The Amphibian

The planet wants us to die

Joyful militancy and expanding beyond our siloed selves.

“I’ve never seen you more you,” one of my longest friends told me. C is from Singapore, my old home. She’s known me for five years and first met me as a fresh-faced high school graduate and baby poet, when we found ourselves in the same spoken word poetry bar. Giddy from her message, I reflected that I did feel different and more myself. I felt strong and happy. My cheeks looked filled out, and I actually believed I was beautiful. 

The younger me, full of insecurities, would’ve looked at me now with a distant awe, unable to see herself. She might not understand that who I am now is everything she wanted to be because of her. She longed for meaningful friendships after watching her classmates hug each other tearfully during graduation, and so she learned how to be courageously vulnerable. New and cherished friendships grew because of her. Most days, younger me didn’t know if she could do it any more, plagued by a fear that she would never amount to anything. Yet, here she is. Here we are. Here I am. 

My conversation with C made me reflect on evolution, transformations, then somehow to death, something my mind has been returning to lately. Although we joked about Pokémon evolutions – in which progress can be mapped on a predictable curve—in real life, evolving requires a type of death, a significant loss. To compost old ways, patterns, and selves, one needs to let go of what has served them for so long but does not suit them anymore. When someone is conscious of the world and their inner selves, a call to transform is eventually inevitable. The conditions we endure demand it, and this transformation will bring death. 

While I’ve been experiencing the slow death of my old self, I’ve met friends who echo this journey in their own lives. For one friend, it was the death of a self addicted to drinking and numbing. For another, it was the death of a narcissistic ego that kept them from true connection. This loss, which one must consent to, is a call to become greater than oneself. I don’t mean this in the hyper-individualistic, New York Time’s best-selling self-help book way. Greater than oneself doesn’t mean “becoming the best you!” It means becoming more connected, rooted, and aligned with a collective consciousness. 

All of this is to say that I am more comfortable being dependent on others because I no longer feel the need to prove anything. I have become more powerful because I accept my part in the collective. 

Loss often brings about greater capacities and connections because it demands change from a person. After the Covid-19 pandemic and worsening unprecedented climate disasters worldwide, it feels like the planet wants us to die. The past three years could be framed as Earth finally getting us back for all that we’ve, as a species, done to her. However, if loss precedes transformation, what if the planet has been asking us to evolve? What if the planet is inviting us to expand our consciousness beyond our ordinary, siloed selves to become more free, together?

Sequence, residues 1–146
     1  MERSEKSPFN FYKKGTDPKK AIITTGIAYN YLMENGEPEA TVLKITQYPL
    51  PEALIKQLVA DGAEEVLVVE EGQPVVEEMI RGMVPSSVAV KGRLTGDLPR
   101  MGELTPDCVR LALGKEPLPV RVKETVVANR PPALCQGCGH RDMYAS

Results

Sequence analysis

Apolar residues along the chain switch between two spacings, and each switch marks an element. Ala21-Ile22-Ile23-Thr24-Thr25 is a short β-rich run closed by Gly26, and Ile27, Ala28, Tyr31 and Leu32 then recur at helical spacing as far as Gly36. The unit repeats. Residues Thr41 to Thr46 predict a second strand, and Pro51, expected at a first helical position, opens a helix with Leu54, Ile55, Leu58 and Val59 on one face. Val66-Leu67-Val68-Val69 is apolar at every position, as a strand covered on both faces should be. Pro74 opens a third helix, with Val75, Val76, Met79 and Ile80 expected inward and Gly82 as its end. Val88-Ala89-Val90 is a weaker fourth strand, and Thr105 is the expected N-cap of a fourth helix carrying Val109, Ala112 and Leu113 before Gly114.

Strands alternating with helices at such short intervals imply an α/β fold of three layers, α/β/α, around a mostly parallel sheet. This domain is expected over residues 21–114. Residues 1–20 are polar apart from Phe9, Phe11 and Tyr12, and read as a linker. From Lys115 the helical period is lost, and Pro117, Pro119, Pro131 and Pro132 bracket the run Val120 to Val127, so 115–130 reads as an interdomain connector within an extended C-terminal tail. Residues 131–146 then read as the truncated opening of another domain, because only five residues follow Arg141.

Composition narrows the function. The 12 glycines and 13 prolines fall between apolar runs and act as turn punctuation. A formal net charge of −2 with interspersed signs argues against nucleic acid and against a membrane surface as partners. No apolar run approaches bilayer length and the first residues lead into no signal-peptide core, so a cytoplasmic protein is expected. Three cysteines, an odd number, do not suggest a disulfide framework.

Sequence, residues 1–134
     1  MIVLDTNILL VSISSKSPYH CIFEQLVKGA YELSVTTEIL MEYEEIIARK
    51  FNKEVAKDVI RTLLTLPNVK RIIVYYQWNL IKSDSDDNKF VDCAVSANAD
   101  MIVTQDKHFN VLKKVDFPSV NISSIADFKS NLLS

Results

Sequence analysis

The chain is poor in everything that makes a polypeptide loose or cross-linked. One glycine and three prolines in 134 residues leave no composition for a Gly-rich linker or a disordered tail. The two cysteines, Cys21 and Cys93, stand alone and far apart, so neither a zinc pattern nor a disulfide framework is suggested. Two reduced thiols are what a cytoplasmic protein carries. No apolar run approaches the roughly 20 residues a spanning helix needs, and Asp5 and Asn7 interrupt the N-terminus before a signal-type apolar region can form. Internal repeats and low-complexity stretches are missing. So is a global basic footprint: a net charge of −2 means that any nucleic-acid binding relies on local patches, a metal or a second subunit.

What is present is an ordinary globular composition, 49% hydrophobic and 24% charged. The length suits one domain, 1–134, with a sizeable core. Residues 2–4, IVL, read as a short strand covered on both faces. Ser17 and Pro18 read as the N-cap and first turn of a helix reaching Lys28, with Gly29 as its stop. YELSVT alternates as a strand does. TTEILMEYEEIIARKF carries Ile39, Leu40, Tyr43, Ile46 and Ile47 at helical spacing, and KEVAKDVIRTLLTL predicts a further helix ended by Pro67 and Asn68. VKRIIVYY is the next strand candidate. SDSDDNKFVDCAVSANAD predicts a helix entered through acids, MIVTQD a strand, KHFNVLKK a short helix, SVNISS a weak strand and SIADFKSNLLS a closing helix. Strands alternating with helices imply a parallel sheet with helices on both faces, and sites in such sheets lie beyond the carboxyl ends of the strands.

Through the pandemic prompting me to return to the Philippines and through allying myself with the broader national struggle for liberation, multiple deaths of my selves occurred. I let go of dreams and expectations for a completely different life in the West, where I imagine I would’ve been independent (although isolated) from family. I let go of all conventional notions of success and accepted the help that my family gives me, which allows me to advocate and write. The change I’ve undergone involved a shift in the way I see myself, too. I am embarrassed to admit it, but I fantasized of being a savior for the environmental and social justice movement, when really, I am just a small part. 

All of this is to say that I am more comfortable being dependent on others because I no longer feel the need to prove anything. I have become more powerful because I accept my part in the collective. 

Unraveling my old self and allowing old selves to die has led, and is still leading, to the kind of joy that “looks and feels like growing more powerful together,” as Nick Montgomery and Carla Bergman write in their book “Joyful Militancy: Building Thriving Resistance in Toxic Times.” On the other side of loss, there is the potential to be more free—through greater individual and collective capacity for uncertainty and through the disintegration of false borders of the ego. 

We are more than just our siloed selves. If every one of us believed this, how would we wake up in the morning? How would our practices shift? Could we create more avenues for mutual aid, providing for each other’s needs without participating in the state’s financial system? Could we support multiple sectors in our advocacies, recognizing that all of them are connected? Could we be honest with each other when we are tired or grieving, trusting that others will step up to do the work if we rest? 

If we believed we are more than just ourselves, I suspect we would resist more creatively and collaboratively, knowing that who we are is a constant collective becoming. That we can and should make mistakes, that we will honor our losses, and that we will still rise and resist another day.